Thursday, 22 January 2015

On the hunt

I'm back in Uppsala! I've had the first couple of lectures of the new term and it looks like it's going to be a good one. For this period I've got Mathematical Methods of Physics II and Quantum Field Theory. This selection is interesting because it shows how different the various courses can be at UU. While both courses are 10 ECTs, QFT has about 36 lectures, 5 or 6 homework assignments, and no exam, whereas FMMII (the abbreviation for mathematical methods) has only 15 lectures and an exam, with homework assignments optional. This has no bearing on how easy or hard either course will be, it's just an illustration of the variety of course styles that are available here.

Just imagine me on my bike, with the back end swinging
wildly, but definitely looking just as awesome.
There is some serious snow here now (not too deep, but it's not going anywhere any time soon) with the roads covered in hard packed snow and ice. I was thinking about getting a bus pass, but after a few days back I'm getting used to biking in it, so I might just save myself the money. I bought my bike used and the tires have basically no grip, so I can't brake hard, but I can do my own cycling version of Tokyo Drift, which makes me feel like one of the cool kids. Also, since I bike through a park on my way to Ångström, the snow makes the commute pretty beautiful.

So around the time that I wrote my last post, I got the news that I have to move out of my current room by the end of February. This came as a bit of a shock as I had previously been told that the room would be available to me until the summer, if not this time next year. However, it seems that my roommates/landlords have decided to move, so I need to as well.

I'm not going to sugar coat this, personally I find the housing situation to be most frustrating part about living in Uppsala. Uppsala University doesn't have housing, so all housing arrangements must be made with companies or "second hand" contracts, i.e. subletting. If you are an exchange or fee-paying (from outside of the EU) master student, I believe the University Housing Office takes care of finding a place for you. However, since I have an EU passport (and so don't pay fees) I'm on my own.

From here on out I'm talking about my own experience, so your mileage may vary. Basically, my strategy has been to write a generic email about myself and then "pray and spray": fire it off in response to every listing that looks even remotely livable, sometimes tweaking it a bit to indicate that I actually read the description. I've found the response rate is around 10% at this time of year (wide error bars here), but decreases quite a bit in the summer when the influx of new students arrives. On the flip side, the number of places available is much higher in the summer, so you can send way more emails.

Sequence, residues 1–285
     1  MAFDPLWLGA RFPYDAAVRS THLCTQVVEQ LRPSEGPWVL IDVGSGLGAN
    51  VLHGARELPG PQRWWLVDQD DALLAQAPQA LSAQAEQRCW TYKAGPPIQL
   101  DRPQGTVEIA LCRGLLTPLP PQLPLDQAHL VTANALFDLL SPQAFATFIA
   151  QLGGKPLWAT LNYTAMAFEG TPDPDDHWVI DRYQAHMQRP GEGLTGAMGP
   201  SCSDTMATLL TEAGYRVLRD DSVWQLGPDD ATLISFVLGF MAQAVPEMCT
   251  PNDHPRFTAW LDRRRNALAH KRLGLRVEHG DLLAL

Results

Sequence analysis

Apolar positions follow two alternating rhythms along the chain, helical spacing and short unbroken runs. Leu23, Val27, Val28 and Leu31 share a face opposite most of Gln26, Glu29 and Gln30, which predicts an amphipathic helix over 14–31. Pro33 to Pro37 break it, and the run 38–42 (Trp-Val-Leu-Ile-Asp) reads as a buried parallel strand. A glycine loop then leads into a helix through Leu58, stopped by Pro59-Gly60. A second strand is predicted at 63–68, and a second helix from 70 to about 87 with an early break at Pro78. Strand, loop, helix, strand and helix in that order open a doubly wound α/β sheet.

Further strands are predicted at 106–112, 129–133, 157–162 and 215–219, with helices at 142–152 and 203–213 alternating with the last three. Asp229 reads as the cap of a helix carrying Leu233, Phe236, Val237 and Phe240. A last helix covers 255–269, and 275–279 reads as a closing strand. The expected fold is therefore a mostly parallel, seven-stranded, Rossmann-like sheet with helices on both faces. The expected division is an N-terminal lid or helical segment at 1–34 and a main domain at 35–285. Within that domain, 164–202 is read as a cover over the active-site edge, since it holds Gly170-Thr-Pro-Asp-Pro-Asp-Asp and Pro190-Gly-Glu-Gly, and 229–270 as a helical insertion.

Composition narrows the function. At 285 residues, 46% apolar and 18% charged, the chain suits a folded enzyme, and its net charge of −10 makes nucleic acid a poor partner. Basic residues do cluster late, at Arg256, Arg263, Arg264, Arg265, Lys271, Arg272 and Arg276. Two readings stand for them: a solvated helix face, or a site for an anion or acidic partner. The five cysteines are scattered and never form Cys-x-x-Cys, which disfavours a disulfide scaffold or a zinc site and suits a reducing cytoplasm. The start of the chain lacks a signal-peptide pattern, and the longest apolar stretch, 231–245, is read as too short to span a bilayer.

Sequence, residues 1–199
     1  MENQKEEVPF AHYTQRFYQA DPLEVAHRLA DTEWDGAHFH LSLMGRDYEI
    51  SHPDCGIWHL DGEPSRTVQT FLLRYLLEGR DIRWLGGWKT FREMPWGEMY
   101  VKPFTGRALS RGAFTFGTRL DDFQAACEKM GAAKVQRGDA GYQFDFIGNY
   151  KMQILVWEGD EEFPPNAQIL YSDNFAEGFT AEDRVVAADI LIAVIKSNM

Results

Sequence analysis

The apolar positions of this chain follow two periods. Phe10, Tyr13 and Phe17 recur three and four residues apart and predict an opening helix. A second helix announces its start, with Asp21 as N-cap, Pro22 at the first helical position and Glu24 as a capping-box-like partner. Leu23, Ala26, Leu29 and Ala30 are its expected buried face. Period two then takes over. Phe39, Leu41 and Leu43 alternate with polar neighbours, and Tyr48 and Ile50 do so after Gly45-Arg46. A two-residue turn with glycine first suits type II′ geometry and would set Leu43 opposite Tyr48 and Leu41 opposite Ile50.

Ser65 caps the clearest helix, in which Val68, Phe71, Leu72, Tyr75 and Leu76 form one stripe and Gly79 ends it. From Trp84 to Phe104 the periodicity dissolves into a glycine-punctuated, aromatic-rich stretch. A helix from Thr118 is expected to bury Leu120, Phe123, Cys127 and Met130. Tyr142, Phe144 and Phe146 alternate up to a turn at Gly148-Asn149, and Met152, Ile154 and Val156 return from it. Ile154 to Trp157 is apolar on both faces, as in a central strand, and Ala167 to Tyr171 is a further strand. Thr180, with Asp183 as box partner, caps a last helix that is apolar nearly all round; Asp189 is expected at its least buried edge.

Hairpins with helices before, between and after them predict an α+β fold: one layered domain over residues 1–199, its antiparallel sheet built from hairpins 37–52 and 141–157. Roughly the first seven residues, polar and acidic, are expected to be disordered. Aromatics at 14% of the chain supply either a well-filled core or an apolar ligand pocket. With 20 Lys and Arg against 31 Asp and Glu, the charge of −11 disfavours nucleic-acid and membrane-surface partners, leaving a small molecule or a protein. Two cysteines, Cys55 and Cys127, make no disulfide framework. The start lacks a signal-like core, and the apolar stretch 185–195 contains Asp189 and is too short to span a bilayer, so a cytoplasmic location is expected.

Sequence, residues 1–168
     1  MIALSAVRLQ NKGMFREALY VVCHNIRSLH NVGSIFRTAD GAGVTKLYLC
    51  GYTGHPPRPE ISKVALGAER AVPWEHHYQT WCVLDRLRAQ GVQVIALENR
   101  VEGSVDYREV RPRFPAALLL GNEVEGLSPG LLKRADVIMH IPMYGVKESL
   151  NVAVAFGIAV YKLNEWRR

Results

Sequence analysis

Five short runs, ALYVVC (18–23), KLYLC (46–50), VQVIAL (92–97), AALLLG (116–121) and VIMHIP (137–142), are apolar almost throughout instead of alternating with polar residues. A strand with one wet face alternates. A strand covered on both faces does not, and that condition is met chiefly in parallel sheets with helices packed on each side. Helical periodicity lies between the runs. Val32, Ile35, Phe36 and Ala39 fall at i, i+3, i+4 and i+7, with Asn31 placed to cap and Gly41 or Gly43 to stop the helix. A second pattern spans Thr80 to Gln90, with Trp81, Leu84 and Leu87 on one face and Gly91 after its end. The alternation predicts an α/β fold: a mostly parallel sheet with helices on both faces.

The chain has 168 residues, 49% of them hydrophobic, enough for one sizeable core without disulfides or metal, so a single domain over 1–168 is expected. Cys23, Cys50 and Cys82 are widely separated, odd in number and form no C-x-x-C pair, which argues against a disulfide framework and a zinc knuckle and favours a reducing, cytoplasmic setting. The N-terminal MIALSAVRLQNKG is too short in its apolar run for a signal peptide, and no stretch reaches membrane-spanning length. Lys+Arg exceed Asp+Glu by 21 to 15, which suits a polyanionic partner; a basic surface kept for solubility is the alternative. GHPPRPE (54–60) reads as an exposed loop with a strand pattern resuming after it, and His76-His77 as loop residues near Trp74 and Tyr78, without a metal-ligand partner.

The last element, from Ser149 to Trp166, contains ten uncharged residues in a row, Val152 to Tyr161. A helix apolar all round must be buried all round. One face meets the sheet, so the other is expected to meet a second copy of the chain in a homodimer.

I have had the most luck on sites where users can list their own apartments. Blocket is like Swedish Craigslist, and their housing page is constantly updated with new ads. Another option is Studentboet, which caters specifically to students in Uppsala. Both sites have a web form for contacting the advertiser. I basically went to both of these sites every day (sometimes more than once per day) and responded to all the new ads. I've found that Studentboet has less selection, but is also less competitive so you're more likely to get a response.

These kinds of sites are where you'll mostly find second hand contracts. Subletting is nice because you're dealing with people instead of a company, and you're more much more likely to get a response. The sites also don't use a queuing system, so you aren't competing with people who have accumulated 967 queue days since they applied in high school. However, second hand contracts don't always have a fixed ending date, which means you could think you have something semi-permanent and then suddenly find yourself house hunting again after a few months, which is what happened to me.

The alternative is the housing companies or nations, both of which typically offer first hand contracts. These are often more secure, but are much harder to get. I'll list a few of them on the Helpful Links page, but I'm sure there are others out there that I don't know about. If you are planning on using these (might as well, they're free) then sign up ASAP so that you get more queue days under your belt. Good luck!

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